There is a growing need in modern society to feel connected at all times.
Whether we’re quickly popping out to the local shops or travelling to some far-flung destination on holiday, we still want to know what’s going on in the world. Keeping in touch with friends and family is also extremely important to us.
This desire to be connected is now filtering into tributaries of society that were previously places of solitude.
Cars, for instance, are now bursting with the latest technology that keeps us in the loop as we travel from A to B.
In fact, demand for connected cars is accelerating ahead. A new report by telecommunications company Telefonica reveals that more than 70% of drivers claim to be interested in using, or already using, connected car services.
Around 50%, meanwhile, would now consider connected features a key part of their next car purchase
The translation opportunities for the connected car market are therefore plentiful, yet a number of challenges still exist that both automakers and translators need to navigate if connected cars are to be a success.
What is a connected car?
In a nutshell, a connected car is a car that comes equipped with internet access. There is also usually a wireless local area network (LAN) built in. This means the car can connect with other internet-enabled devices both inside and outside the vehicle.
Special technologies tap into the internet access or wireless local area network (WAN) to notify the driver about things like congestion, speed cameras and safety alerts, not to mention crashes on the road ahead.
Music, smartphone apps, navigation, roadside assistance, voice commands, contextual help, parking apps, engine controls and car diagnosis are other benefits that are part and parcel of a connected car.
What are the translation challenges?
The connected car space is growing rapidly around the world, with traditional car manufacturers and telecommunication companies announcing increasingly advanced initiatives on a seemingly regular basis.
Even giants like Apple and Google are jumping on the bandwagon with Apple CarPlay and Google Android Auto respectively – both of which aim to provide an effortless connection between driver and car.
But this global expansion brings with it a series of obstacles to overcome. Here we take a close look at a handful of them.
Drivers can use simple voice commands to initiate phone calls, select radio stations or play music while behind the wheel.
A manual control input – typically a finger control on the steering-wheel – enables the speech recognition system and this is signalled to the driver by an audio prompt. The system has a listening window during which it may accept a speech input for recognition, yet this is where problems can arise.
Different accents across different languages can be difficult to recognise, particularly when it comes to full sentences. Even short phrases and single words can be hard to pick up.
Translation therefore needs to be spot-on to avoid inaccurate conversions that can be both hilarious and infuriating at the same time.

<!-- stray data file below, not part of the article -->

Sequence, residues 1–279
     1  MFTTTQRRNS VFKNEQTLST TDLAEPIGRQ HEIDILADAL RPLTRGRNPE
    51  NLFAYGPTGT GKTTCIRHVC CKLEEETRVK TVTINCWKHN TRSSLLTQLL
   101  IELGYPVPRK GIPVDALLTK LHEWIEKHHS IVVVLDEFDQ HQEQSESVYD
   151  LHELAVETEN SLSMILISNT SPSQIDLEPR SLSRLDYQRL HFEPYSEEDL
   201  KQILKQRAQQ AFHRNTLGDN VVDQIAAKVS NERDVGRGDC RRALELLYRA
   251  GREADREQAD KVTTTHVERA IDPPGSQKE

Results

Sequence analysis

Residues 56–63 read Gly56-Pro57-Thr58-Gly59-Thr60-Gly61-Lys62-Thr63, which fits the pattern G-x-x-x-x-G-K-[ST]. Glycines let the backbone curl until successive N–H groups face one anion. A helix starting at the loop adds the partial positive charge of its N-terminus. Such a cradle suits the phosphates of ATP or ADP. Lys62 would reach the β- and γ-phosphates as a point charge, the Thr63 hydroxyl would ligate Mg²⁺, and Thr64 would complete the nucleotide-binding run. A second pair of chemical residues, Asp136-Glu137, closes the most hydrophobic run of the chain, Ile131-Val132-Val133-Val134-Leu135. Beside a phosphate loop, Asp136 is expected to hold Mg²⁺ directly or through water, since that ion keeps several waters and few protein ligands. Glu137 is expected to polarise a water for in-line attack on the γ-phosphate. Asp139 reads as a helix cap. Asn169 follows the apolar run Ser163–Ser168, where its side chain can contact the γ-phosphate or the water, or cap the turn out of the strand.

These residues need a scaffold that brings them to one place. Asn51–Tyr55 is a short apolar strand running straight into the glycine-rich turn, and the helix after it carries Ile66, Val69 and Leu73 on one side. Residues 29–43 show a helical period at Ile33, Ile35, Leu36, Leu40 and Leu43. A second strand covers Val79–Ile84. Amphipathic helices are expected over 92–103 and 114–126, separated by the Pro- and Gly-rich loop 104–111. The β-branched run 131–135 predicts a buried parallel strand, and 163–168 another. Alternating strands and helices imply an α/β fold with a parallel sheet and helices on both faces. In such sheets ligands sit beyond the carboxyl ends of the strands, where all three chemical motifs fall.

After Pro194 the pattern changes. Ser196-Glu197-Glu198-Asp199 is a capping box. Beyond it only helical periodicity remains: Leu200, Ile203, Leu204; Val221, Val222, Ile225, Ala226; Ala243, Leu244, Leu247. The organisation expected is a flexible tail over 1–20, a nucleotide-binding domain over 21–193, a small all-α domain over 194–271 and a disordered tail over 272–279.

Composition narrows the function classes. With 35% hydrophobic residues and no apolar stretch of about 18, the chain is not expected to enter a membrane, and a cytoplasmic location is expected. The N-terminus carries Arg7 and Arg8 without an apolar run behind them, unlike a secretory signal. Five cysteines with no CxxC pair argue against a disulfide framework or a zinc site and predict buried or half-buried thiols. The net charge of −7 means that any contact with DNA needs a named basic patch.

But this is much easier said than done as noise outside the car can also affect speech recognition.
The humble road map has fallen out of use in recent years. Drivers now rely on inbuilt navigation systems to get them to their destination.
Voice commands, however, can be misleading at times, especially when translated into multiple languages.
People can take wrong turns and find themselves in the incorrect lane at junctions as a result.
It is therefore imperative that translation is accurate, otherwise drivers end up getting lost and journey times are extended.
A crystal-clear user interface is needed to help drivers find what they want with minimum fuss.
They don’t want to be endlessly searching while trying to focus on the road ahead – something which can be a dangerous combination – so it is important that translation is kept simple and to the point.
Less is often better when it comes to interfaces. Short phrases and single words are preferred to long sentences that can clog up the screen and distract the driver. Long sentences can also be a translation nightmare.
The fact that different languages have different ways of saying things can cause problems for connected cars.
Bonnet versus hood and boot versus trunk in the United States, for example, while traffic lights are often referred to as robots in South Africa.
Automakers need to be aware of the local terminology if the various features of connected cars are to work effectively.
This is particularly relevant when sending text messages behind the wheel. Drivers dictate what they want to say and who they want to send the message to, the speech recognition system then does the rest for them.
But if the system doesn’t recognise terms specific to the language, such as slang, then problems can ensue.
What does the future hold?
The connected car is expected to achieve mass-market penetration in the next few years.
In fact, Telefonica predicts the overall number of vehicles with built-in connectivity will soar from a mere 10% of the entire market today to as much as 90% by the time the year 2020 eventually rolls around.
Around 60% of drivers want to access connected features and the benefits that come with them through the dashboard – so there is need for accurate translation, especially in terms of speech recognition.